2005 Monthly Review Press by Peacework Magazine
The Language of Empire is an examination of the Abu Ghraib scandal, from the perspective that the US military's use of torture was primarily an instrument of terror (i.e. a military tactic intended to cause intimidation). In addition to outlining what actually happened at Abu Ghraib, Rajiva also looks at the Senate Armed Services Committee investigation triggered when the scandal first broke in April 2004. However most of book concerns the media coverage of Abu Ghraib and what it tells us about the highly sophisticated psychological strategies employed by Pentagon and Wall Street propagandists.
The book starts off with a detailed catalog of the different forms of torture employed against prisoners (who were for the most part civilian non-combatants) at Abu Ghraib, with particular emphasis on the rape of female prisoners (only reported by the Christian Science Monitor) and the sodomizing of Iraqi teenagers, both largely ignored by the mainstream media. The third chapter is devoted to the Senate investigation, which in Rajiva's view was a whitewash allowing the Republican majority to scapegoat a few "bad apples" -- rather than investigate Secretary of Defense Donald Rumsfeld and four of his deputies, who had clearly mandated the use of torture in interrogations. Rajiva is also critical of Senate Democrats, who focused entirely on the legal paper trail and the Pentagon's failure to keep Congress informed, rather than a diseased Pentagon culture that enabled the US to adopt torture as official policy.
Rumsfeld's Corporatization of the Pentagon
She goes on to describe Rumsfeld's wholesale "corporatization" of defense -- citing his misguided cost-cutting (resulting in dangerously low troop levels and shortages in armored jeeps and other protective equipment) and his consolidation of all Middle East intelligence and propaganda functions under the Pentagon. Far more politically significant, however, was his move to contract with private companies to perm major military and intelligence functions. This, in turn, introduced the secrecy of the corporate boardroom into military operations, while simultaneously transferring major policy decisions from military professionals to civilians. As Rajiva points out, civilian leaders have also been far more eager than generals (she gives the example of Eisenhower and MacCarthur opposing the nuking of Japan) to employ weapons of terror.
The US War Of Terror
Having laid down this context, Rajiva proceeds to discuss the media coverage and propaganda function of what she, like many international and progressive analysts view as a US war of terror -- the deliberate use of force to intimidate foreign and domestic opponents -- rather than a war on or against terror. She devotes an entire chapter to the kidnapping and beheading of Nicholas Berg, which coincidentally took place the same week the torture scandal broke and pre-empted coverage of Abu Ghraib for 24 hours. The Nick Berg melodrama also served as a focus for right wing media attacks on what they claimed was excessive coverage of the torture of Muslim terrorists in contrast to the slaughter of "innocent" civilian Nick Berg. Rajiva, like many progressive bloggers, disputes Berg's alleged "innocence." Like 9/11, Berg's kidnapping resulted in numerous unanswered questions, with his detention by the US military the week before his kidnapping and his apparent links to one of the 9/11 hijackers and to the intelligence community (US, Iranian and/or Israeli -- take your pick).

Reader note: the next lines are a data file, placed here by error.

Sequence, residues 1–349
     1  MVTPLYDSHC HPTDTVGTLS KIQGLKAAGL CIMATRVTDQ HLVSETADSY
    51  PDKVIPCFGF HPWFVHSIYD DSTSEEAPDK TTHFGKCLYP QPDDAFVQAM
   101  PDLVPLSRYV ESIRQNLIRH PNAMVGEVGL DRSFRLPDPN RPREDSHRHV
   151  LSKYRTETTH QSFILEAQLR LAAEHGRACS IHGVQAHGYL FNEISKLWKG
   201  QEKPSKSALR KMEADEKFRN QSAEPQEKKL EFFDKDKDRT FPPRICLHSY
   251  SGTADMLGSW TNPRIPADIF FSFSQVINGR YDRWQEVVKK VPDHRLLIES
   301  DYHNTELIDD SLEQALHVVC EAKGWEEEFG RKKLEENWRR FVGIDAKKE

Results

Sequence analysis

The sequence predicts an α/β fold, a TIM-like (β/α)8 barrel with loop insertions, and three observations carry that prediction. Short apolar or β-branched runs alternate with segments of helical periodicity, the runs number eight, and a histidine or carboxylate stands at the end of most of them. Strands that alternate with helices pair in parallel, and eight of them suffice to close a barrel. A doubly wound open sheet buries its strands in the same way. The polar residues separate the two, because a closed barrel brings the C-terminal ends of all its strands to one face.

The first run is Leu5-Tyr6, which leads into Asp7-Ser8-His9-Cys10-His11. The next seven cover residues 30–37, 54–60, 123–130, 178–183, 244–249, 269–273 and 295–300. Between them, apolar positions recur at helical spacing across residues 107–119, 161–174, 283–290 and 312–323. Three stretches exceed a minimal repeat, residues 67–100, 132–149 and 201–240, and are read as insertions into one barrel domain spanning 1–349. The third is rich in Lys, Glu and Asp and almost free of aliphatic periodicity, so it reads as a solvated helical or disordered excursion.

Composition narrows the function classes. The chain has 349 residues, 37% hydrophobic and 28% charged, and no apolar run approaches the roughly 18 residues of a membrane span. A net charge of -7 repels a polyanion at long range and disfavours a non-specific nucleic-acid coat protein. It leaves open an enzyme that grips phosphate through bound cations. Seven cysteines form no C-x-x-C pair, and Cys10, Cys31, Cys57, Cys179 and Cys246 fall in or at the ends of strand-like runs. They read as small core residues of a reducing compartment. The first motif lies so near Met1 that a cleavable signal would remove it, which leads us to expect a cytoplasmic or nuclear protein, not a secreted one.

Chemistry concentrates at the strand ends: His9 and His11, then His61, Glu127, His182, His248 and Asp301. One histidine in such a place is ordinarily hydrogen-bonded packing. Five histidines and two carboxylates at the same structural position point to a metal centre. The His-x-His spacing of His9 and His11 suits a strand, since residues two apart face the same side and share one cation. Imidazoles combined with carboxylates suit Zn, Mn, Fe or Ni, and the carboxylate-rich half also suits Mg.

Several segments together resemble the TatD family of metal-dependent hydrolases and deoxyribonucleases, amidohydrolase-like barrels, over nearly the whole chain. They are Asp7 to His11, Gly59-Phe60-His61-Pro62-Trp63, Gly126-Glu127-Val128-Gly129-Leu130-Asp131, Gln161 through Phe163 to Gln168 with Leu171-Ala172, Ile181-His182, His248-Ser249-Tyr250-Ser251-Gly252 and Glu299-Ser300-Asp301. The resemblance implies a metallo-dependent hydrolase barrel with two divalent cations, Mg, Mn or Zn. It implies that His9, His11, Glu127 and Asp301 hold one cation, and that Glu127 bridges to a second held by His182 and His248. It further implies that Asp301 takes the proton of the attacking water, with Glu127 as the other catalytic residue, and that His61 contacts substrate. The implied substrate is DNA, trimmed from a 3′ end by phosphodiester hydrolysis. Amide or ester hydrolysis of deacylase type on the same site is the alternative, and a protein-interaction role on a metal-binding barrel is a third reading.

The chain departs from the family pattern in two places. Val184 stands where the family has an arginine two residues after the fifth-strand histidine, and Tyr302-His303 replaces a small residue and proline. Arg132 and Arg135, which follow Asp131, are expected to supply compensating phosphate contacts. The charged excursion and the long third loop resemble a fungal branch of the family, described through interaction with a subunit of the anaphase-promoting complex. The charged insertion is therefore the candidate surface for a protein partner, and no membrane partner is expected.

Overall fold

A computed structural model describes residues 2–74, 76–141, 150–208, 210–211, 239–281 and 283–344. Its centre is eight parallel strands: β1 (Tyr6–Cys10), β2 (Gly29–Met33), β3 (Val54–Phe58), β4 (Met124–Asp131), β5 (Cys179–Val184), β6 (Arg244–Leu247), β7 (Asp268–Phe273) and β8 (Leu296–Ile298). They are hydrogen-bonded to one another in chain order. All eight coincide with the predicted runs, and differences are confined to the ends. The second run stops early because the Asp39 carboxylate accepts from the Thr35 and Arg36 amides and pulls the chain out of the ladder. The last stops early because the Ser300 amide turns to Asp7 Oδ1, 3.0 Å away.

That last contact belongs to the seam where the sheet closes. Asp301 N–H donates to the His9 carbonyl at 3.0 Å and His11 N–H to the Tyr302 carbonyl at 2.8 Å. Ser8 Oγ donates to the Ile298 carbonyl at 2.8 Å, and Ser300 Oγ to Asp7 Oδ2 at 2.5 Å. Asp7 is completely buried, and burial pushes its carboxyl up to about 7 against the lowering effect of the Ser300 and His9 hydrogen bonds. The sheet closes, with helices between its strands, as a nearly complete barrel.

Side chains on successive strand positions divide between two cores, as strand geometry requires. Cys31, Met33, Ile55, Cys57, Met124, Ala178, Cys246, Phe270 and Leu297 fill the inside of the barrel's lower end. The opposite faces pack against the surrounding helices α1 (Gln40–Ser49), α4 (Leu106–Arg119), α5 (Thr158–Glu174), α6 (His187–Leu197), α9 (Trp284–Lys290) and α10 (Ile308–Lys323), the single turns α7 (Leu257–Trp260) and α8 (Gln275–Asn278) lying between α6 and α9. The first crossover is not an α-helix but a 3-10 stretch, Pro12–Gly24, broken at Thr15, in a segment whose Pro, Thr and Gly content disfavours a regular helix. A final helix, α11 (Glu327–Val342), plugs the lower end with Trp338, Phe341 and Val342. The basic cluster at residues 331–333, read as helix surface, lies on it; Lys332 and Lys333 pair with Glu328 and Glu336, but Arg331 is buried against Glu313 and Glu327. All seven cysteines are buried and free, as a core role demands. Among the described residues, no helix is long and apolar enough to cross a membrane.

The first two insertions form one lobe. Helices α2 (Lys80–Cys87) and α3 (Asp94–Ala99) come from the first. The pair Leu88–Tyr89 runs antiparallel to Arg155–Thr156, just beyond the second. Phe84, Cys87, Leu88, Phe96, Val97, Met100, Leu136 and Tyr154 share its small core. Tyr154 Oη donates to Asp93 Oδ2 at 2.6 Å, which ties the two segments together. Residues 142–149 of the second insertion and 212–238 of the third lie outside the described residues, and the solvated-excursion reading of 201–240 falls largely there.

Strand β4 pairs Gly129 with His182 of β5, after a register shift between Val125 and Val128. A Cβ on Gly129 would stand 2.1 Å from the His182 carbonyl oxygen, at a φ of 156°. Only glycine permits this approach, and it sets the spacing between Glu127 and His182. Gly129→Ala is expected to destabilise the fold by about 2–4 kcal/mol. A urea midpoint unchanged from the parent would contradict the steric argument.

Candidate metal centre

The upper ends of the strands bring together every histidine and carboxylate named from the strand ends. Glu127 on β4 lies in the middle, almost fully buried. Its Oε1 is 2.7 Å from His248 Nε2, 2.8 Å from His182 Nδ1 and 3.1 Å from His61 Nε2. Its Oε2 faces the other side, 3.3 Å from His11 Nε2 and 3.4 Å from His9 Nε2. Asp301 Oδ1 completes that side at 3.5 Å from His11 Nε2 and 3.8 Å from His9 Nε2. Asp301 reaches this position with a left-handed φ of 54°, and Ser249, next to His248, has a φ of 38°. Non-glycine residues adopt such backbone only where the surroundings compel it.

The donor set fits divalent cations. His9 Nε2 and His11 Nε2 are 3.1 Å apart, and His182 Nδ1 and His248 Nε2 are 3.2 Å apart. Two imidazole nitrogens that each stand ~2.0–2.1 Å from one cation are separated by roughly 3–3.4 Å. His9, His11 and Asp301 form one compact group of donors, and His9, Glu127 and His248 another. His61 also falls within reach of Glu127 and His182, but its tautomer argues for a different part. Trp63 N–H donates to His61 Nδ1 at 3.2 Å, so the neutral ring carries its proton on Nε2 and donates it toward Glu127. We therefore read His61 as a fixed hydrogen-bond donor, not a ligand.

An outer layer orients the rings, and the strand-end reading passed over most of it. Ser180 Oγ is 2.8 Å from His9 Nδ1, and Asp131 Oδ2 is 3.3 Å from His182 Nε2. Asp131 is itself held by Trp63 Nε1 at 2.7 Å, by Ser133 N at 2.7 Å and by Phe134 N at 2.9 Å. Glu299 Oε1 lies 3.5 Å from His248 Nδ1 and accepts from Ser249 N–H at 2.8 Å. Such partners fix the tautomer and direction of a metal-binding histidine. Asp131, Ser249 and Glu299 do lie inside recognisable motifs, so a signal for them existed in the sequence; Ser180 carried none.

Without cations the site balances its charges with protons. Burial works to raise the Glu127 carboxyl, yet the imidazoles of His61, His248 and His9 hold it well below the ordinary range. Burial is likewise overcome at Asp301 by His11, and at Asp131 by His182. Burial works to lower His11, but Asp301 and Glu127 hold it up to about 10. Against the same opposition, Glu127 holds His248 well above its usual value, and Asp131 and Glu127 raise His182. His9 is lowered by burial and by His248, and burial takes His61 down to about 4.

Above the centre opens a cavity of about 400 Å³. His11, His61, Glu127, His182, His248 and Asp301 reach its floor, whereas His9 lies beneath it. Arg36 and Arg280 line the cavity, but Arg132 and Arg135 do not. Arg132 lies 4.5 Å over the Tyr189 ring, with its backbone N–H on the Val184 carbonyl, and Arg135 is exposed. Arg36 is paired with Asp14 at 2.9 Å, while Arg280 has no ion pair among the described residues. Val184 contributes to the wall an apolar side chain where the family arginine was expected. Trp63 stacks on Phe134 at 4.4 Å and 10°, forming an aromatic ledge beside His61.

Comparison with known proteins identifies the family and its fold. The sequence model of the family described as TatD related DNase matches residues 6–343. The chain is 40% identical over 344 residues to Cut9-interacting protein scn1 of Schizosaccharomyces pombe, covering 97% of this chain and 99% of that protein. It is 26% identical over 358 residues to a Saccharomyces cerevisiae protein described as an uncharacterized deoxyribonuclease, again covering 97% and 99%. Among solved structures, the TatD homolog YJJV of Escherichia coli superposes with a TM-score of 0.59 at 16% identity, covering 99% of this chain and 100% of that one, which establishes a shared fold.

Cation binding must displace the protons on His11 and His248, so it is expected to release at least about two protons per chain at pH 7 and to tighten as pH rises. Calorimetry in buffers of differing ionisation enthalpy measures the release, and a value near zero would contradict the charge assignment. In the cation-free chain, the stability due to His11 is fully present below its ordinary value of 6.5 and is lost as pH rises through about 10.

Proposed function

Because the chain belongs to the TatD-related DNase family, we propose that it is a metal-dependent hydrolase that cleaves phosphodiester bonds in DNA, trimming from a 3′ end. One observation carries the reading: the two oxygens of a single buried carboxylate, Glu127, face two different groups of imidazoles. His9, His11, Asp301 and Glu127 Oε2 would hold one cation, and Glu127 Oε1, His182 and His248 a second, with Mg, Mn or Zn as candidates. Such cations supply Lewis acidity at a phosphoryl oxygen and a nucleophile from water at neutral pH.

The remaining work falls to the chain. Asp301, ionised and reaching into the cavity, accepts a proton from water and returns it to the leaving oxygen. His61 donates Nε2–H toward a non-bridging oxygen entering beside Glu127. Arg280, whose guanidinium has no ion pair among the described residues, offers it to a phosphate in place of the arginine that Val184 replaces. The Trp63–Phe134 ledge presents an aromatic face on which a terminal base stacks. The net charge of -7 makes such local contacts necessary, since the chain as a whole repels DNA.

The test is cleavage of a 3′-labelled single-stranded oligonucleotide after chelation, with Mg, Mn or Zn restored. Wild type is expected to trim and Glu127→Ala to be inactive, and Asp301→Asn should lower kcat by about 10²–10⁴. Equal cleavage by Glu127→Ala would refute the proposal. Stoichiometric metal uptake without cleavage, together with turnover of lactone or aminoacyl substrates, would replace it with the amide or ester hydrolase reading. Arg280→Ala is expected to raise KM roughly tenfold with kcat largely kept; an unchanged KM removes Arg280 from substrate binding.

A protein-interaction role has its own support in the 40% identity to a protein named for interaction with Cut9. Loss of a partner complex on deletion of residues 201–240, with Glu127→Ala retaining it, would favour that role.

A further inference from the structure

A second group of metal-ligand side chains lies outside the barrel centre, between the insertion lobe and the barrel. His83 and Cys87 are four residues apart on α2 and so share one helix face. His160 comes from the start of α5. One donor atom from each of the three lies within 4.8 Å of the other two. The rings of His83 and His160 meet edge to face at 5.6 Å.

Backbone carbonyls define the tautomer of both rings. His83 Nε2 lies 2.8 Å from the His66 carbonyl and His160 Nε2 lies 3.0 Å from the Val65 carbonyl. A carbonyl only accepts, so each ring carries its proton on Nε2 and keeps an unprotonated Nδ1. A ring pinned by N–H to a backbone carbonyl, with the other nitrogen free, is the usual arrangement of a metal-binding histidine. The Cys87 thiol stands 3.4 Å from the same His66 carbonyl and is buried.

The Psychology of Terrorism
Although she deals briefly with the cultural use of forced nakedness, sexuality and homosexual role play, compounded by the global distribution of photos of Muslim men humiliated in this way, most of this section deals with the intended psyops function of Abu Ghraib coverage on the American public. I found this to be the most valuable part of the book, as it provides a detailed analysis of the psychological underpinnings of America's complex government and corporate propaganda systems.
Rajiva explores two broad themes in analyzing the psychological effects of a sophisticated propaganda network in which Wall Street, the Pentagon and US intelligence play overlapping roles. The first relates to deliberately orchestrating fear and confusion in the American public to increase their susceptibility to ideological propaganda. The second relates to the deliberate use of fragmented, highly emotive images and scenarios in the absence of historical or logical context.
Deliberately Orchestrating Fear and Confusion
For most Americans, according to Rajiva, the new millennium has seen the replacement of normal social interaction with incoherent economic and biological drives reinforced by continual advertising messages to consume. In this virtual reality, where 40% of Americans can't locate Iraq (or France) on a map, this makes them exquisitely vulnerable to manipulation by Pentagon ideological messaging. Layered on top of this are the red state/blue state "culture wars," which Rajiva believes are a deliberate government/corporate strategy to confuse the US public over the real battle in every state: the conflict between corporate interests and their artificial mass culture and the real needs of people and their communities. She also highlights the role of the corporate media in heightening the insecurity of white males over increasing competition from women and minorities and declining white birth rates -- and effectively projecting these internal fears on an external enemy (Islam).